ALBANY – Governor Andrew Cuomo acknowledged on Monday that his office should not have withheld data on COVID-19 nursing home deaths from state lawmakers, the public and press – but fell short of apologizing to state residents.
Cuomo said at a press conference that “lessons were learned’ in not releasing the data and that things “should have been done differently.”
“The last thing I wanted to do was aggravate a terrible situation,” said Cuomo, a third-term Democrat. “There were people’s requests, press requests that were not answered in a timely manner.”
More than 15,000 people have died in New York state’s nursing homes and long term care facilities from COVID-19, but as recently as last month, the state reported only 8,500 deaths.
Requests from state lawmakers and the U.S. Department of Justice were made in August for full accounting, along with numerous requests from the media, Cuomo acknowledged. But Cuomo said the state prioritized answering the Justice Department first, and other requests went unanswered.
Cuomo aide Melissa DeRosa told Democratic leaders in a private phone conversation last Thursday that the administration withheld information out of fear the U.S. Justice Department would use the information against it. She also reportedly apologized to those lawmakers for not disclosing the actual nursing home death-count earlier in the pandemic.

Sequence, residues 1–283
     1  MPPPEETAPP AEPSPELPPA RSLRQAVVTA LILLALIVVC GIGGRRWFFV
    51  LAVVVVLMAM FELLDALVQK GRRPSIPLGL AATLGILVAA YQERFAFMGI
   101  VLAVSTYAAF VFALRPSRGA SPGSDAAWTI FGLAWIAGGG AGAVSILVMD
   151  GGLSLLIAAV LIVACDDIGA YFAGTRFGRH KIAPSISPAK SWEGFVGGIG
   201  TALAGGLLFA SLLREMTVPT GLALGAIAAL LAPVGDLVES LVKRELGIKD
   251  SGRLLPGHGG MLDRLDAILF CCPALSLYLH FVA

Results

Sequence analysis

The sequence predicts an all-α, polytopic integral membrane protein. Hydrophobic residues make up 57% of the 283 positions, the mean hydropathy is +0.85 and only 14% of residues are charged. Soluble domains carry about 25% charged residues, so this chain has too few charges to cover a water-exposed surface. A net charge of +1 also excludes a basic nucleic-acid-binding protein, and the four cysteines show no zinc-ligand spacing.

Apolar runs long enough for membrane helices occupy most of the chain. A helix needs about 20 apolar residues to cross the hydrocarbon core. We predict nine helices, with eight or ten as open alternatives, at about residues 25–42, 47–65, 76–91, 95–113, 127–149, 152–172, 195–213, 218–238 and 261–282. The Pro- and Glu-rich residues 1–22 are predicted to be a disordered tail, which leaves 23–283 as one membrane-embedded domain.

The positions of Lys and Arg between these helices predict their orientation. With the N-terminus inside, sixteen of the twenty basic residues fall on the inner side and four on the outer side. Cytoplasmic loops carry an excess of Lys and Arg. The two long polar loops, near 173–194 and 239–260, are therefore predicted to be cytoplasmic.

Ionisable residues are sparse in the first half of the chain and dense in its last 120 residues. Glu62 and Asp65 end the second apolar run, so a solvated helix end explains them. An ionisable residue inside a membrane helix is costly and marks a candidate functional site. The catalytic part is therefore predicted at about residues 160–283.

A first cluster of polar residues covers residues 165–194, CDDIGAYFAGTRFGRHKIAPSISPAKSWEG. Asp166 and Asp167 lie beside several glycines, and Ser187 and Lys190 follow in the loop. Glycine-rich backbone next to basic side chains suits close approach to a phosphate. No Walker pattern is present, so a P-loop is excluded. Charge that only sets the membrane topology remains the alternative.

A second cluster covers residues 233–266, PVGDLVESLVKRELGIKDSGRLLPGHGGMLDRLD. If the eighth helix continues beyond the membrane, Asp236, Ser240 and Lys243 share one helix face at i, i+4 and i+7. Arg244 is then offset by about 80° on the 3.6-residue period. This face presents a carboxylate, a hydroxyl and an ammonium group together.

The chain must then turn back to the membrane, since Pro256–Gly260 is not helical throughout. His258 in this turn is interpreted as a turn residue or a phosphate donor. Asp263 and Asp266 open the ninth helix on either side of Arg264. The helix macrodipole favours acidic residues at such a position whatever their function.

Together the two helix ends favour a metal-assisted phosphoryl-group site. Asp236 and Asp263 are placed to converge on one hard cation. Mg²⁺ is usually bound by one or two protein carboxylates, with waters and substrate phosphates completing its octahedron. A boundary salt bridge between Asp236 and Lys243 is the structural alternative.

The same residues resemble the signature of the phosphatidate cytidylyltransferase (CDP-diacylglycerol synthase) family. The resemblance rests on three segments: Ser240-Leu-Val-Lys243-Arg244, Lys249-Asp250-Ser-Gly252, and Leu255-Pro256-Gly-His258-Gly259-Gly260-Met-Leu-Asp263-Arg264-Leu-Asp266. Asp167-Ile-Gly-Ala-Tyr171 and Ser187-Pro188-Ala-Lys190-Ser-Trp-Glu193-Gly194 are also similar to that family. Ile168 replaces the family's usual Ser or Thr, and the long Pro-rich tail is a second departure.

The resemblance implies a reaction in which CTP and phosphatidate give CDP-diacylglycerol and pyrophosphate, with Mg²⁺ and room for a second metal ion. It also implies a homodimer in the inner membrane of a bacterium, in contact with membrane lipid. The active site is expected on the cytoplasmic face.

When details of that conversation went public, many on both sides of the political aisle perceived it as a cover-up and lawmakers said they are reconsidering their decision to grant Cuomo emergency powers to contend with the novel coronavirus pandemic.
As part of the fallout, Local State Sen. George Borrello (R-Irving) called on the Department of Justice and the New York Attorney General’s Office to investigate Cuomo’s administration.
“This news is heartbreaking but, sadly, not unexpected,” Borrello said in a media release. “After months of stonewalling and blaming everyone else for these deaths, we now know it’s been a cover up all along. This admission by DeRosa points to potential obstruction of justice, at the very least. The families of the thousands of people who lost their lives in New York’s nursing homes deserve no less than a complete and transparent investigation into how this happened.”